Hopewell school will be adding a new learning space for students


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Hopewell Elementary School is creating an outdoor reflection and learning area on school grounds for students come next spring.

Part of the project will be converting some of its existing lawn space to a native wildflower meadow.

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Officials from Friends of Hopewell Valley Open Space (FoHVOS) are helping school officials with land stewardship guidance and fundraising for the project.

FoHVOS ‘s mission is to conserve and enhance the Hopewell Valley environment.

“Hopewell Elementary is part of our overall community conservation initiative. We are going to be getting this started next spring,” said Mike Van Clef, FoHVOS stewardship director.

Van Clef will oversee the project to ensure healthy ecological choices and tie in native plant selections from both the previous parkland restoration projects and the recent Timberlane Middle School Bio-retention Rain Garden.

He said at minimum there will be hundreds of native plants planted for the project.

“We will have a variety of wildflowers and different types of pollinators including hummingbirds,” Van Clef said. “I assume that come next spring this will be a one-day planting event that involves others from the community. The plants, I would say, would go into the ground while students are still in school.”

According to officials, the learning area will feature a pollinator corridor to Hopewell Borough Park.

“The idea generally is to create a pollinator habitat. It is creating habitats for pollinators, which is something we greatly depend on,” Van Clef said. “The lands are connected to each other from the school to Hopewell Borough Park. We are creating a connection between them by creating natural habitats as a connecting pathway.”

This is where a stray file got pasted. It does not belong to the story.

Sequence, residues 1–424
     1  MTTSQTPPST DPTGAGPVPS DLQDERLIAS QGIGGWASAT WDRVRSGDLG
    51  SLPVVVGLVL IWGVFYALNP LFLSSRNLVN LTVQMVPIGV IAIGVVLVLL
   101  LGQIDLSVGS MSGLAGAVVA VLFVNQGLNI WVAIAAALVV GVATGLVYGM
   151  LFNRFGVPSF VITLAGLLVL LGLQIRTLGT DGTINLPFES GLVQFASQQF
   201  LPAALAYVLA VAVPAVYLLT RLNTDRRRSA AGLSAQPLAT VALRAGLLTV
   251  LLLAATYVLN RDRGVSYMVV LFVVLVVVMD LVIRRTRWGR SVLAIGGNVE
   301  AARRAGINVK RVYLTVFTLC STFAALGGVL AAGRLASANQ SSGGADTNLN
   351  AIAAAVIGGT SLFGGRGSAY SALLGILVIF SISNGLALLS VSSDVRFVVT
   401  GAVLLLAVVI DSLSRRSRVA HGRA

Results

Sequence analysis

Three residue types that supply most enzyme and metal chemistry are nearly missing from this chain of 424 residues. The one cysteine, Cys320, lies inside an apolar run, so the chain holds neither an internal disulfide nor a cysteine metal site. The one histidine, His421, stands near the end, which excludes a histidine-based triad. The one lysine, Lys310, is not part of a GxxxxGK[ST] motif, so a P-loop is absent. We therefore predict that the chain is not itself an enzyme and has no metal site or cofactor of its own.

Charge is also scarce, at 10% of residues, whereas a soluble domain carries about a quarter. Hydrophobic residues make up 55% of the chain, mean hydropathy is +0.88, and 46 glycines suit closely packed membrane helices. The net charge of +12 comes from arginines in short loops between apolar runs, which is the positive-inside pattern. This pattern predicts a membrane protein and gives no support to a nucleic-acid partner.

Hopewell Elementary School STEM (science, technology, engineering and math) Facilitator Helen Corveleyn said the school’s vision for the outdoor reflection area was to provide an ecologically sound and peaceful space for learning and relaxing.

“We wanted to tie it together with native flowers students saw playing at the park as children and help them identify those they’ll see when the move on to Timberlane Middle School,” Corveleyn said.

For David Friedrich, the Hopewell Elementary School principal, the project was also a priority for the school to give something back to nature and the community.

“By converting lawn space to native grasses and wildflowers, we improve the land and water by reducing erosion and runoff. This green initiative supports our school district’s environmental priorities and models actions we encourage for our students,” Friedrich said.

According to officials, FoHVOS has already begun fundraising for the learning space by applying for a Hopewell Harvest Fair grant. The grant program distributes small grants to local non-profit organizations. FoHVOS officials will also be directing all proceeds from their upcoming Oct. 26 art and nature family Art Sparks family workshop to the project.

“We are going to be collecting some leaves from one of our preserves and then make an art project out of them,” Van Clef said.

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